There are plenty of reasons to be cautiously optimistic about this one.

by Jason Venter

It’s not available in North America quite yet, but logic says Chaos Rings 3 will arrive here eventually. Ahead of that possible launch, Shaun Musgrave at Touch Arcade put some considerable time into the import and put together a lengthy hands-on preview that paints a mostly rosy picture of the game’s future once it crosses the ocean.

“I find myself constantly going back to it, even when I have other things I need to do,” writes Musgrave. “That should clarify perhaps the biggest concern about the game, I’d hope. This is a very good game, and a very good RPG. At the same time, I’m a bit torn about a few things, and I have worries about a few others.”

One of the first things Musgrave mentions is a lack of in-app purchases. The game is yours once you pay for it up front, at least in the current iteration. However, that doesn’t mean the game was always developed with such an approach in mind.

“It feels like that choice was made very late in the game’s development,” Musgrave adds. “All of the earmarks are here, including multiple currencies, collecting random characters from a gatchapon-style draw, fusion and evolution, daily login bonuses, and even the ability to use your rare currency to buy a World Of Tanks-style premium account subscription to earn more experience and cash for a period of time.”

The game also employs a brighter aesthetic style, as you might have noticed, and Musgrave offers reassurances that underneath the cheery exterior, there’s some dark stuff at play.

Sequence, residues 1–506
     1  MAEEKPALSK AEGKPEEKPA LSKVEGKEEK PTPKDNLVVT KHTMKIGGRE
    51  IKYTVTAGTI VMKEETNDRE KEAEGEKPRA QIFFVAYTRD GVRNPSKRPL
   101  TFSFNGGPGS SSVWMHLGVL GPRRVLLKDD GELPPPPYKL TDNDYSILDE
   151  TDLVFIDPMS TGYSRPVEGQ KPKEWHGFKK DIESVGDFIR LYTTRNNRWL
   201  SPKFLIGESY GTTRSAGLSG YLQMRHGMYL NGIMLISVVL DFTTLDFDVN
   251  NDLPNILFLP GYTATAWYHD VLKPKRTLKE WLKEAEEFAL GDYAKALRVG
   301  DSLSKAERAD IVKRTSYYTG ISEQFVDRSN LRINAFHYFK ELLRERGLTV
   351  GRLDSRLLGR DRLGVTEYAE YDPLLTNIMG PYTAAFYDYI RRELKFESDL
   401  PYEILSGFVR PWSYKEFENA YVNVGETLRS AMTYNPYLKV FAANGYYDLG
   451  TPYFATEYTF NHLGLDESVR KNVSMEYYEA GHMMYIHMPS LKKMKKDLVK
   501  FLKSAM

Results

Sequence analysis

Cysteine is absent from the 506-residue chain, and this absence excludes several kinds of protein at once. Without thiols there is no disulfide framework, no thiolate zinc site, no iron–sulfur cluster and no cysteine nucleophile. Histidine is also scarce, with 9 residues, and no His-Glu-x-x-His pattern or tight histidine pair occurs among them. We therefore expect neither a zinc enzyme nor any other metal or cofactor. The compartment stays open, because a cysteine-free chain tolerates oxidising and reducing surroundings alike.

“In a way,” says Musgrave, “the bright colors are meant to fool you into feeling a certain way, but as I haven’t quite finished the game yet, I can’t say with any authority how well it ends up delivering on its current flirtations. It’s neither as dark as the older games nor as compromised as it initially appeared.”

The game stars a farm boy orphan who is seeking out the lost world of Paradise. Along with his sister and a number of other characters, the orphan boy will complete missions to advance the plot, along with side missions. Cutscenes add character development and comic relief.

Musgrave also discussed the mission grounds, which now take advantage of 3D, though apparently not to any remarkable effect: “They’re not usually very big, and they’re made up of two or three visually distinct sections connected by spokes. You’ll occasionally earn new abilities that will help you navigate them, such as bombs that can knock down walls. Treasure chests will be randomly seeded in every time you enter.”

There also are some changes to the combat system, including the ability of party members to team up with compatible attacks or to land extra strikes as a follow-up to critical hits. A lot of systems also return from the previous game, though they don’t necessarily play out in the same manner.

Another system Musgrave discusses is the gene system, which he compares to Persona. Genes can gain skills and gain levels, though characters don’t. He also talks about uses for the in-game currency, known as onze coins, and how that affects the continue system.

“If you fall in battle and you don’t have a continue item, you’ll be kicked out of the mission,” Musgrave writes. “If it’s an optional mission, you’ll have to start from scratch, while if it’s a story mission, anything you did in that mission is still done, but you’ll have to start from the beginning area again and hike back out to carry on. Continue items go for a whopping 15 onze coins a pop, so you should probably be very careful.”

There are plenty of additional impressions in the preview, so be sure to check it out if you’d like more information about the promising title.

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